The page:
Transfusion Medicine – A branch of pathology or a speciality on its own?

For anything that we wish to know about, Master ‘Google’ is the answer. Then why did I feel the need to write this blog? It is because, about a week ago, I got a phone call from one of my juniors asking me “What does Transfusion Medicine deal with?” He actually had to choose a seat for his postgraduation and seeing Transfusion Medicine as one of the available options, had this question in mind. He was not sure about the subject and its future prospects. It then occurred to me that there might be many such fresh medical graduates whose queries regarding Transfusion Medicine may not have been satisfactorily answered by Google. And then, there is also a small bunch of medicos who claim to know about this subject, often confuse it with ‘Blood Banking’. I felt, this would be the best platform to make our fraternity aware regarding this evolving subject.

What does Transfusion Medicine deal with?

Transfusion medicine in its current form is a new discipline of medicine quite different from blood banking. Blood banking, in yester years, dealt only with blood donor selection, blood collection, testing of blood and supplying blood units to the clinicians as per their demands and this was usually done by trained technicians and supervised by pathologists. It usually only found a gloomy place under the Department of Pathology and naturally came at the bottom of the priority list of pathologists whose primary foci were histopathology, cytopathology and haematology.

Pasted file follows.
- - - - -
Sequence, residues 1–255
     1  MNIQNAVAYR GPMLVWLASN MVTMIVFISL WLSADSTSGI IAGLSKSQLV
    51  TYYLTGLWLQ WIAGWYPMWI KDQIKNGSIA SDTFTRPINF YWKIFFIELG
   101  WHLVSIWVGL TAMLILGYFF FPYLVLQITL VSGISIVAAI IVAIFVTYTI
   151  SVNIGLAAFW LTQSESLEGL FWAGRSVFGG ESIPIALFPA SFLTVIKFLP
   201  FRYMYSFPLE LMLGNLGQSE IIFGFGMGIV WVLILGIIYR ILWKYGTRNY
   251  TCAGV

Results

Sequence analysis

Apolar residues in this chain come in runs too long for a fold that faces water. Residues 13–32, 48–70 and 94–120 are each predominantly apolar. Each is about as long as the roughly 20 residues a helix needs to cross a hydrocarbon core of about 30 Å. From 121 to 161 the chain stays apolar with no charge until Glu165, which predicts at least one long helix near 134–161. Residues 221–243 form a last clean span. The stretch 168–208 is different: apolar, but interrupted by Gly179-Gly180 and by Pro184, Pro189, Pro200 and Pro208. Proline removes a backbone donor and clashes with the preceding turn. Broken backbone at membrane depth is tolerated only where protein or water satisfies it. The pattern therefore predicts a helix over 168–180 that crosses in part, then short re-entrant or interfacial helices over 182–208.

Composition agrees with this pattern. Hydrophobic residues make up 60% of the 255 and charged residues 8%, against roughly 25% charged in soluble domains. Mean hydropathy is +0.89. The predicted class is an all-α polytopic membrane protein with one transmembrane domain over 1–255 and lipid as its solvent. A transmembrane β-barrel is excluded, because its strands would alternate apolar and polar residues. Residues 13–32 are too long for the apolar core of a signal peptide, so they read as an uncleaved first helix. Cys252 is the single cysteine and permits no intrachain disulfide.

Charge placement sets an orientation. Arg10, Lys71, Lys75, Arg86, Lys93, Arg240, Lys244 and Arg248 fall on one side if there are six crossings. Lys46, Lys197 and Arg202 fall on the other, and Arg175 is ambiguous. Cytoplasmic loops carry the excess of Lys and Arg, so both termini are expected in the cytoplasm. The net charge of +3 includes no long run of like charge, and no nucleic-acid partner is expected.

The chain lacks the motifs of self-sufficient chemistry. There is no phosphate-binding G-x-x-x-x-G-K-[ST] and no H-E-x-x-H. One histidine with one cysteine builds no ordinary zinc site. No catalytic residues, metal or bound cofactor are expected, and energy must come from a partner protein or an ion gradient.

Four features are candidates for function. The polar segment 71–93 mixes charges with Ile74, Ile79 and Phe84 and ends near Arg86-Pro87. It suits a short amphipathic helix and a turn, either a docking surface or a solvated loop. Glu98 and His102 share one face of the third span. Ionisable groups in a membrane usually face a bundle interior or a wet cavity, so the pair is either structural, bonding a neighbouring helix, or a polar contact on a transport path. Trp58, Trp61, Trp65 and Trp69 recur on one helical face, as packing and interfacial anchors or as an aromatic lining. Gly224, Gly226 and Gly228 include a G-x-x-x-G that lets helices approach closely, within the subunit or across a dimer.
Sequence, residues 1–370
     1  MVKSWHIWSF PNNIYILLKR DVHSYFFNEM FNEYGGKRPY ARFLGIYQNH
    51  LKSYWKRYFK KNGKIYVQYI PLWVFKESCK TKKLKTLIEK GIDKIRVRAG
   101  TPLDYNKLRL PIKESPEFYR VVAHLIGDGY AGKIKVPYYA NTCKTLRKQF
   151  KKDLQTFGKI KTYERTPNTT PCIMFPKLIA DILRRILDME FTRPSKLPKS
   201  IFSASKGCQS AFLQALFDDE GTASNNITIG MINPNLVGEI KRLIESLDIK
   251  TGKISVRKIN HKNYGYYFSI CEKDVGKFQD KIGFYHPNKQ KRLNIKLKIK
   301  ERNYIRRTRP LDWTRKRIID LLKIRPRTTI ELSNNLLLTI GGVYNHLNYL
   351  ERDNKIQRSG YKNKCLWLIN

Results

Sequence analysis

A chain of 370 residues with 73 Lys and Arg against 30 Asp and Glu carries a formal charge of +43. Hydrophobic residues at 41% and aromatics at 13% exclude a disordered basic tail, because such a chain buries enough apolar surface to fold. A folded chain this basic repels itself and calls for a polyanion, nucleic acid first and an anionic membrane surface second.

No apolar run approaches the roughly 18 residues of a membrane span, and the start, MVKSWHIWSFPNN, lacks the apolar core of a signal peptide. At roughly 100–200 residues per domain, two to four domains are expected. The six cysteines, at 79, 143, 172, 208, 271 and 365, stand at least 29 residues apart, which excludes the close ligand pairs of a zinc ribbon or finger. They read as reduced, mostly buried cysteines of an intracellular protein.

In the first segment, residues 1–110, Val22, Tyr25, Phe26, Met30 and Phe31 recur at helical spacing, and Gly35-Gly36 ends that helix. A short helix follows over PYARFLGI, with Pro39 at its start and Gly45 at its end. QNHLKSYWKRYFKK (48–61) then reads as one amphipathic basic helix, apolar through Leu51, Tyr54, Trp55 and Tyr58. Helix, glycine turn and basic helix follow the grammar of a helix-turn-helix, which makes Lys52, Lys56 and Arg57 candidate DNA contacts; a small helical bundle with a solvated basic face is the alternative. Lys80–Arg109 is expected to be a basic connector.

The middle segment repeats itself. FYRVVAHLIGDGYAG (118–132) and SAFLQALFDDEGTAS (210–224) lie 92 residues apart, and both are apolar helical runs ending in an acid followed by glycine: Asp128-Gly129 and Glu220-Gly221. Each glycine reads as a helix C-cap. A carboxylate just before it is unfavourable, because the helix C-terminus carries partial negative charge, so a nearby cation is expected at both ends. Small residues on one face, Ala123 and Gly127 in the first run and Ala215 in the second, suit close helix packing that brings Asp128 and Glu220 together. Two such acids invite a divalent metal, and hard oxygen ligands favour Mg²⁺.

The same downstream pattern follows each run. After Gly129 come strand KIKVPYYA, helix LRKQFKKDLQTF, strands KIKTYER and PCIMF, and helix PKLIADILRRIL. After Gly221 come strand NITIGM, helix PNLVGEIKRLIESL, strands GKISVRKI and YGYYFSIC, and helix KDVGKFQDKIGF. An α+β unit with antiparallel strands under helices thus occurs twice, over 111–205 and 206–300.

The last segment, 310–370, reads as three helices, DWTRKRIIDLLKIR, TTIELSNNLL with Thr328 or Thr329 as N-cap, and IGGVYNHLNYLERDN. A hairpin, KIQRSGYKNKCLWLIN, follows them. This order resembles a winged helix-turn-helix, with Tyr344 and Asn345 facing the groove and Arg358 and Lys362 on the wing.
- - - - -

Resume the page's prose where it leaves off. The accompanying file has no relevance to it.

The scenario and concept of blood banking has undergone a revolutionary change. Today, blood bankers are not content with playing the supportive role to physicians and surgeons. The concept of blood bank as a ‘service providing department’ does not hold good anymore. Across the world, blood centres are moving away from being mere store houses of blood. Blood banking has forayed into the area of therapeutics (also known as Clinical Haemotherapy) and therefore, has rightly been rechristened as ‘Transfusion Medicine’.